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Chapter 29 Section 4 Study Guide A Flawed Peace. The beginning of the end ► April 1917:  U.S. enters the war ► Starts building up U.S. Army in France.

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Presentation on theme: "Chapter 29 Section 4 Study Guide A Flawed Peace. The beginning of the end ► April 1917:  U.S. enters the war ► Starts building up U.S. Army in France."— Presentation transcript:

1 Chapter 29 Section 4 Study Guide A Flawed Peace

2 The beginning of the end ► April 1917:  U.S. enters the war ► Starts building up U.S. Army in France under General John Pershing ► Women join Navy, Marines  Nov 1917: Communists under Vladimir Lenin seize control of Russia ► Pull Russia out of war ► ► Germany tried to build up strong army on Western Front to break through to Paris BUT  The food embargo was strangling Germany  2 million U.S. troops entering France, more every day

3 Germany runs out of steam… ► Nov 11, 1918 ► Germany signs an armistice  A cease-fire  From German viewpoint, NOT a surrender

4 "…the eleventh hour of the eleventh day…" ► "Last night, for the first time since August in the first year of the war, there was no light of gunfire in the sky, no sudden stabs of flame through darkness, no spreading glow above black trees where for four years of nights human beings were smashed to death. The Fires of Hell had been put out."  Phillip Gibbs in the New York Times (11 November 1918)

5 The Paris Peace Conference: Jan 1919 aka the Versailles Conference ► Woodrow Wilson ► Developed Fourteen Points to prevent a future war ► Georges Clemenceau ► Worried about French security in the future  Wanted security buffer zone & reparations  Wanted a weak Germany ► David Lloyd George ► Also wanted reparations & weakened Germany George, Orlando, Clemenceau, Wilson

6 One British perspective… ► "Germany is going to pay. We will get everything you can squeeze out of a lemon, and a bit more. The Germans should hand over everything they own."   From a speech in 1918 by Sir Eric Geddes, a British politician standing for election as an MP.Sir Eric Geddes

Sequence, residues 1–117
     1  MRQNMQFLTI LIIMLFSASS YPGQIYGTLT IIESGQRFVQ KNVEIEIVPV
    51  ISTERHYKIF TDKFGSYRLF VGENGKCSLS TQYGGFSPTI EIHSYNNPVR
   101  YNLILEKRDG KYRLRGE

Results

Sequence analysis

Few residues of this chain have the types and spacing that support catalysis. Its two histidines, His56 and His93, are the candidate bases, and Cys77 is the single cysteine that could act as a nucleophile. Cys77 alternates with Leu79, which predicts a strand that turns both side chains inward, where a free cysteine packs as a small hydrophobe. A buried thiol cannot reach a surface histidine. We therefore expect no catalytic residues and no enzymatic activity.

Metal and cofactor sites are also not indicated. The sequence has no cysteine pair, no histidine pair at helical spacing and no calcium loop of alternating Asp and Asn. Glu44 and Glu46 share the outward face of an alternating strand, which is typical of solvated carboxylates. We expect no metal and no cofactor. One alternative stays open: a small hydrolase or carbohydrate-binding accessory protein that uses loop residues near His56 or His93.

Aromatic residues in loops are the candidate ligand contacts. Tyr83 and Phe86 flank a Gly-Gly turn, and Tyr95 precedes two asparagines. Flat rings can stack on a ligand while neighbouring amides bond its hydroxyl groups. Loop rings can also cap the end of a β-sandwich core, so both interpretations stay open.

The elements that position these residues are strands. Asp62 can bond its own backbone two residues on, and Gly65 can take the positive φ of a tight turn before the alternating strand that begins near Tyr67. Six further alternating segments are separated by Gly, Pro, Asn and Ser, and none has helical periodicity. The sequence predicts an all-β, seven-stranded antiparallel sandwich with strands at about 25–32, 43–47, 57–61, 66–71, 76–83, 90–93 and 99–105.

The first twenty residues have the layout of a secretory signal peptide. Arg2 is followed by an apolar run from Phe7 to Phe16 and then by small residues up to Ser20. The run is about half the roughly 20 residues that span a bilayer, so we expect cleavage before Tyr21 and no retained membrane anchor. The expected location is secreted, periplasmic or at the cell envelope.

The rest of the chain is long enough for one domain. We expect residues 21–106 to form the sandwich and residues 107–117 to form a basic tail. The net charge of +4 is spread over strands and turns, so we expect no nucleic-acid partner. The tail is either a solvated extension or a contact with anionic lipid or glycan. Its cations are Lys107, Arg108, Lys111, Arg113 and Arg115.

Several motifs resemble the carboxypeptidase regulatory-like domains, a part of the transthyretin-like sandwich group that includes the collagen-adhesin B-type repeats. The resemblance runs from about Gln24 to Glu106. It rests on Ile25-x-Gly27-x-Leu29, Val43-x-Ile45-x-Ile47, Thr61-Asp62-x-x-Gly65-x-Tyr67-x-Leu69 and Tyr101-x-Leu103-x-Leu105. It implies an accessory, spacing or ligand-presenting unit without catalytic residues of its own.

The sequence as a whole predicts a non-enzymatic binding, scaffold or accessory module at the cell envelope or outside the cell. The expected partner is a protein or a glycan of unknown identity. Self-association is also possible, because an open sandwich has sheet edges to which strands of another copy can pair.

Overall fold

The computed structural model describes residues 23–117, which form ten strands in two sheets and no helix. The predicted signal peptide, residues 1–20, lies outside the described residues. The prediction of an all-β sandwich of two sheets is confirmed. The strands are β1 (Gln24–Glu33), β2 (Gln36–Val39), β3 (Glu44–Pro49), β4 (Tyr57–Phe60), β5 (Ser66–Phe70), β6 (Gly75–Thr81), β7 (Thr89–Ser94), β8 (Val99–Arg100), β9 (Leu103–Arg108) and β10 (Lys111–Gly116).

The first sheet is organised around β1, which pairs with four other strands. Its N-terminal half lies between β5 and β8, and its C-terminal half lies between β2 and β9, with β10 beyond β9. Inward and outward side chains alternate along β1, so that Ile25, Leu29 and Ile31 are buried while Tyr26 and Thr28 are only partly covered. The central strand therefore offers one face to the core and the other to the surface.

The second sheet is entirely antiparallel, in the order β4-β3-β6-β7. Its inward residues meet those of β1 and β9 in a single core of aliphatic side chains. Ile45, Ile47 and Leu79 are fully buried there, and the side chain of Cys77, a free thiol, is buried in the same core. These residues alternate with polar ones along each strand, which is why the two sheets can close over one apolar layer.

7 Wilson's Fourteen Points ► Points #1-5  No more secret treaties  Freedom of the seas  Free trade  Reduction of military forces & armaments ► Points #6-13  Self-determination for peoples ► Point #14: Int'l body

8 Wilson's goal: to address the "root causes" of the war ► "We have assembled here for two purposes - to make the peace settlements, and also to secure the future peace of the world." ► Woodrow Wilson, speaking at the Versailles Conference (January 1919) ► Was he successful?  U.S. Senate kept the U.S. out of the League ► Great bitterness remained, especially in Germany ► Self-determination  wasn't carried through for non-European peoples

9 The Versailles Conference ► Germany not invited ► Bolshevik Russia left out

10 A Harsh Peace ► Germany  Lost territory & colonies  Restricted to tiny army, no air force, no subs, no army reserves  Article 231: "war guilt" clause  Reparations to Allies  "demilitarized" zones on border with France

11 Big changes in Europe ► Three dynasties, four empires gone  Hohenzollern Dynasty in Germany  Hapsburg Dynasty in Austro- Hungarian Empire  Romanov Dynasty in Russian Empire ► First communist country  Ottoman Empire disintegrating

12 New nations in Central & Eastern Europe  Czechoslovakia  Poland  Austria  Hungary  Yugoslavia  Latvia  Lithuania  Estonia

13 Results in the Middle East ► League of Nations gives "mandates" to temporarily manage areas  Britain in Palestine, Transjordan, Iraq  France in Lebanon, Syria ► Oil!

14 "…a peace built on quicksand…" ► "This isn't peace. It's an armistice for twenty years."  French Marshal Ferdinand Foch, 1919

15 Casualties: Killed, wounded, missing, died of wounds ► Russia: 76.3% ► France:73.3% ► British:36% ► Germany:65% ► Austria-Hungary90% ► Ottoman Empire:34% ► United States: 8%

16 Aftermath ► 65 million mobilized  8.5 million killed  21.2 million wounded  7.7 million prisoners or missing.  37.5 million casualties. ► 57.6 % of Mobilized were casualties.

17 Aftermath ► Cost of WWI  Allies: $126 billion  Central Powers $62 billion

18 Aftermath ► Communism  Soviet Union ► Fascism  Italy, 1922 ► Nazism  Germany, 1933 ► Granny "demobs" from U.S. Navy, demands right to vote  U.S. Constitution changed, 1920 Granny in Navy

19 Grim Statistics ► More than 65 million men fought in the First World War; over eight million of them were killed. ► More than 65 million men fought in the First World War; over eight million of them were killed. ► Nearly nine million civilians died - from starvation, disease, artillery fire and air raids. ► Nearly nine million civilians died - from starvation, disease, artillery fire and air raids. ► In France and Belgium, where most of the war was fought, 300,000 houses, 6,000 factories, 1,000 miles of railway, 2,000 breweries and 112 coal mines were destroyed. ► In France and Belgium, where most of the war was fought, 300,000 houses, 6,000 factories, 1,000 miles of railway, 2,000 breweries and 112 coal mines were destroyed.

20 ► "In some ways, mankind has never recovered from the horrors of the First World War." ► John D Clare, First World War (1994)

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